SRB ignition can occur only when a manual lock pin from each SRB safe
and arm device has been removed. The ground crew removes the pin
during prelaunch activities. At T minus five minutes, the SRB safe and
arm device is rotated to the arm position. The solid rocket motor
ignition commands are issued when the three SSMEs are at or above
90-percent rated thrust, no SSME fail and/or SRB ignition PIC low
voltage is indicated and there are no holds from the LPS.
The solid rocket motor ignition commands are sent by the orbiter
computers through the MECs to the safe and arm device NSDs in each
SRB. A PIC single-channel capacitor discharge device controls the
firing of each pyrotechnic device. Three signals must be present
simultaneously for the PIC to generate the pyro firing output. These
signals—arm, fire 1 and fire 2—originate in the orbiter general-purpose computers and are transmitted to the MECs. The MECs reformat
them to 28-volt dc signals for the PICs. The arm signal charges the
PIC capacitor to 40 volts dc (minimum of 20 volts dc).
The fire 2 commands cause the redundant NSDs to fire through a thin
barrier seal down a flame tunnel. This ignites a pyro booster charge,
which is retained in the safe and arm device behind a perforated
plate. The booster charge ignites the propellant in the igniter
initiator; and combustion products of this propellant ignite the solid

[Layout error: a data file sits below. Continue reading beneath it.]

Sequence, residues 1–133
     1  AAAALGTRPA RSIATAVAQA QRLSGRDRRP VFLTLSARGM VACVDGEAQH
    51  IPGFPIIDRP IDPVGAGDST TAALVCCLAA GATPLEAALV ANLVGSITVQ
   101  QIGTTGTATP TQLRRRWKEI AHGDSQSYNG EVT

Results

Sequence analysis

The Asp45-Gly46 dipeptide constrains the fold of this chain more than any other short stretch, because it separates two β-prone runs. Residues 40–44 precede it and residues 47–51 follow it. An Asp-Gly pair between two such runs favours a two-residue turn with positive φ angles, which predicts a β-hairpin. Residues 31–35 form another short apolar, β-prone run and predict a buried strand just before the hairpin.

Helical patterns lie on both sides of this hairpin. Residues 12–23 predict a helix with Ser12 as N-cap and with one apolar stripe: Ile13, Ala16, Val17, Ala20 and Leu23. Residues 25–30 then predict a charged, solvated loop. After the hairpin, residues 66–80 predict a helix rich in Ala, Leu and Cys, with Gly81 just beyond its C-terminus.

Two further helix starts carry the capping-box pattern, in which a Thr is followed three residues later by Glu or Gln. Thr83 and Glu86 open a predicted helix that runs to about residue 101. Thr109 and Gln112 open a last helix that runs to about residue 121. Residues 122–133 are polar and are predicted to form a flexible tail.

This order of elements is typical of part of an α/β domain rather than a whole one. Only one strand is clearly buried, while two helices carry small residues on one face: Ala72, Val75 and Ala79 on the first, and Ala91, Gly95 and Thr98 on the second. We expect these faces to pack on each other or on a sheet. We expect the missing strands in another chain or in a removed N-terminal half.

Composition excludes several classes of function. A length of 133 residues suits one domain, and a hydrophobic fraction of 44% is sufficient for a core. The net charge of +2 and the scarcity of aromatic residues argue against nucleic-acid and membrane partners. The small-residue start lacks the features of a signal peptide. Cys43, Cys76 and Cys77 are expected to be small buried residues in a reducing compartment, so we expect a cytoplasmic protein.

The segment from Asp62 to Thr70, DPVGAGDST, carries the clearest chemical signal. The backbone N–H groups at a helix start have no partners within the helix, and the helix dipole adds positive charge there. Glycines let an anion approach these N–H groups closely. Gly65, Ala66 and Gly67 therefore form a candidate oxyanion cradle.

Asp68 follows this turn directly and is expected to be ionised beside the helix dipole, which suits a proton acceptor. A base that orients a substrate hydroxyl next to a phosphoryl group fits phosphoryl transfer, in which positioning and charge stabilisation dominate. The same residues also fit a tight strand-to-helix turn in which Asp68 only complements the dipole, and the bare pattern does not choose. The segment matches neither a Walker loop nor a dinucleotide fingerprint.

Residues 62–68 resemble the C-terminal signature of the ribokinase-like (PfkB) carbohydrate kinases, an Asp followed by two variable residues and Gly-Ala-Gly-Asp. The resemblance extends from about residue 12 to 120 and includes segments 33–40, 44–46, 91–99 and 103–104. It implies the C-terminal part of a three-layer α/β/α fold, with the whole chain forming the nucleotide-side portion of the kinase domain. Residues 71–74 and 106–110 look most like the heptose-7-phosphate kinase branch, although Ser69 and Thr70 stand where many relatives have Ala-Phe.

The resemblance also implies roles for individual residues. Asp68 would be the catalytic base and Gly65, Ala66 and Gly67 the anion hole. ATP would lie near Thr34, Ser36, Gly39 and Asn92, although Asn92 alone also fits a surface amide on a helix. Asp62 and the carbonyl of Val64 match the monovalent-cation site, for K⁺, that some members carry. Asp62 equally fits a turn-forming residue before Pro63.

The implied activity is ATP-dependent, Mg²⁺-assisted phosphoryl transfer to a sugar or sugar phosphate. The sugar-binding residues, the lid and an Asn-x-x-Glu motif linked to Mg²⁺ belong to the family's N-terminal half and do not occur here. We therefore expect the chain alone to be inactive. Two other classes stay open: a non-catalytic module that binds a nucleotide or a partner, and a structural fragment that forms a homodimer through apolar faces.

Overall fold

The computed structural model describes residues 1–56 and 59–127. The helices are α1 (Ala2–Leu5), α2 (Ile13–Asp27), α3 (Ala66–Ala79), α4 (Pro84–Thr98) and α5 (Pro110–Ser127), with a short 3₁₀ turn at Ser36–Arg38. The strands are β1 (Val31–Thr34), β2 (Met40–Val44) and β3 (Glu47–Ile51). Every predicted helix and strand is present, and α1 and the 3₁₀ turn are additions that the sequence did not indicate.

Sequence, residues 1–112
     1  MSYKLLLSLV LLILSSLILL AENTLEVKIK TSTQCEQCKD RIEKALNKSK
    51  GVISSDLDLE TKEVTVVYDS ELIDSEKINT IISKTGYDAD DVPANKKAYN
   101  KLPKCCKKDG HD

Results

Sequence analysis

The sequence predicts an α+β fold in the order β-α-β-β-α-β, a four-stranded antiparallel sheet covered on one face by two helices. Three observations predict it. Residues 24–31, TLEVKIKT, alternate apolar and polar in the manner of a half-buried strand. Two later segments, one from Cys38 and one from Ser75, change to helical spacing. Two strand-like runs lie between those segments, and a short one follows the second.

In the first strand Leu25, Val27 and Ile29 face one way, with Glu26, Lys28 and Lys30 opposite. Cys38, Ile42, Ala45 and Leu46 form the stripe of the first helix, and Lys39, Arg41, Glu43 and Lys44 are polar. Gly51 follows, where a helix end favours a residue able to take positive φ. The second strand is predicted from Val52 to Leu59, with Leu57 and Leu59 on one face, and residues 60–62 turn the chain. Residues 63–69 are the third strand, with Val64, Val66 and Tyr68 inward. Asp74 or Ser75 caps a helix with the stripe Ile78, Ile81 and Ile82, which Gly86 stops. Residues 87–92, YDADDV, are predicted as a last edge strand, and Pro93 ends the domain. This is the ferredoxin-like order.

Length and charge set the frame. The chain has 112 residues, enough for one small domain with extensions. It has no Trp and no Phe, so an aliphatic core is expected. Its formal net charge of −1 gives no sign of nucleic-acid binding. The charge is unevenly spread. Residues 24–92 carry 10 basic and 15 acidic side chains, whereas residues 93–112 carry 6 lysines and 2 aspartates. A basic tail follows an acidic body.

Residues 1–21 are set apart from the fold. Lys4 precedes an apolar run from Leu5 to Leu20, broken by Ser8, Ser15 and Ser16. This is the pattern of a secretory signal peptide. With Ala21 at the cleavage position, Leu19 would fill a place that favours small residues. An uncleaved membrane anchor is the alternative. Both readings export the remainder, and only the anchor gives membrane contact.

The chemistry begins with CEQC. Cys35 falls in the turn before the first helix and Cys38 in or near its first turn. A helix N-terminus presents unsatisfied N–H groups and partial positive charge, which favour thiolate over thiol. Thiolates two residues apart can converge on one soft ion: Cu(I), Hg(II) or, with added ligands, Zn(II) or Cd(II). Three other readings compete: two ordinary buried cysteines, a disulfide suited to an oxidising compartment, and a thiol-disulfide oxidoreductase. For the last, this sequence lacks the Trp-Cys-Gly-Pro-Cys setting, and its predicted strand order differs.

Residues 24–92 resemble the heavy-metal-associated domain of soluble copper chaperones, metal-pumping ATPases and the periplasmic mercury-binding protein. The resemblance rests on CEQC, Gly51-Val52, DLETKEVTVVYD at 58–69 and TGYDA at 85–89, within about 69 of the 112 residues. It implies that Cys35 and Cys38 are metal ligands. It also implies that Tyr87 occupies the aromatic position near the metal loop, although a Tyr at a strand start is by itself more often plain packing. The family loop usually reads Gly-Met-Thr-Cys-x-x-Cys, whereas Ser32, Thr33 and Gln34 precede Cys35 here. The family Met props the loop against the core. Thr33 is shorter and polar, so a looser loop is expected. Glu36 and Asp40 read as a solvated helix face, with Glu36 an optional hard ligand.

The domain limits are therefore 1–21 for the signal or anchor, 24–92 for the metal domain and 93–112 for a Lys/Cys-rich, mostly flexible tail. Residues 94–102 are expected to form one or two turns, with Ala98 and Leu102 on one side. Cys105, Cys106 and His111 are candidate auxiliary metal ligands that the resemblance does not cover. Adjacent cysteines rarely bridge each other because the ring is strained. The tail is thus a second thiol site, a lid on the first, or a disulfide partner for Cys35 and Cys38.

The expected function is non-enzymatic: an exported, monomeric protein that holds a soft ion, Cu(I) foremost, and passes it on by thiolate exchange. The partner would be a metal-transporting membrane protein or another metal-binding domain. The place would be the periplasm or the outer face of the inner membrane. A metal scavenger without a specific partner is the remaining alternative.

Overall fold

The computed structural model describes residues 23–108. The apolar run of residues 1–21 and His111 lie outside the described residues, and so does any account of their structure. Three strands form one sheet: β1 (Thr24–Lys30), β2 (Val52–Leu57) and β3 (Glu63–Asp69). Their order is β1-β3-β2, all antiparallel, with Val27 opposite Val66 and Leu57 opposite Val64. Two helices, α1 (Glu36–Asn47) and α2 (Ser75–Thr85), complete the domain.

rocket motor initiator, which fires down the length of the solid
rocket motor igniting the solid rocket motor propellant.
- PIC - Pyrotechnic Initiator Controller
- NSD - NASA Standard Detonator
- MEC - Master Events Controller
- LPS - Launch Processing System
Here's a schematic of the igniter.
And this shows its location in the forward segment.
The igniter was quite a powerful solid motor itself IIRC. It was expendable of course, but replaceable.
Edit: Spurred on by Tristan's generous proffer of a picture he took of the Safe and Arm device in a JSC lab, I've written up a little more on this device.
Here's his picture (the igniter would be on the right):
Here's a couple of schematics from the 1982 version of the Rockwell shuttle press manual.
From these you can see how the motor rotates the shaft of the mechanism so that the flame tunnels connect the NSDs (aka NSIs) with the charge in the device. And, how the safing pin prevents this from happening when installed.
Technicians removed the safing pins a couple of days before launch - this task required them to enter the forward skirt of the booster. It was part of the "Final Ordnance Installation and Connection" task in the countdown.
Then at T-5 minutes, the mechanism was commanded to rotate, arming the firing chain. At T-0, the cascade of pyrotechnics started: the PICs fired the NSDs, which ignited the charge in the Safe & Arm Device, which ignited the initiator, which ignited the igniter, which lit the booster.
Writeup on the firing chain from online version of Rockwell press manual
RSRM Ballistics Short Course - paywalled
1982 Rockwell Space Shuttle press manual
Example of when Final Ordnance Installation and Connection was performed
Photograph by Tristan